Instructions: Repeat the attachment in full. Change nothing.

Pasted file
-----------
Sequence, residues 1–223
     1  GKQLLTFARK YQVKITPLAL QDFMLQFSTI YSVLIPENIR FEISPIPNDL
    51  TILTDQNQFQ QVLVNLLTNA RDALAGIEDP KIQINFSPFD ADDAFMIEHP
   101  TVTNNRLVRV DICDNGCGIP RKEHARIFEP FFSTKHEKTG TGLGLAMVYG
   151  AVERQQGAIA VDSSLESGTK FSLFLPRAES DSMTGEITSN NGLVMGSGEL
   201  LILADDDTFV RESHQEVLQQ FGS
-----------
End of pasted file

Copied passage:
Sequence, residues 1–223
     1  GKQLLTFARK YQVKITPLAL QDFMLQFSTI YSVLIPENIR FEISPIPNDL
    51  TILTDQNQFQ QVLVNLLTNA RDALAGIEDP KIQINFSPFD ADDAFMIEHP
   101  TVTNNRLVRV DICDNGCGIP RKEHARIFEP FFSTKHEKTG TGLGLAMVYG
   151  AVERQQGAIA VDSSLESGTK FSLFLPRAES DSMTGEITSN NGLVMGSGEL
   201  LILADDDTFV RESHQEVLQQ FGS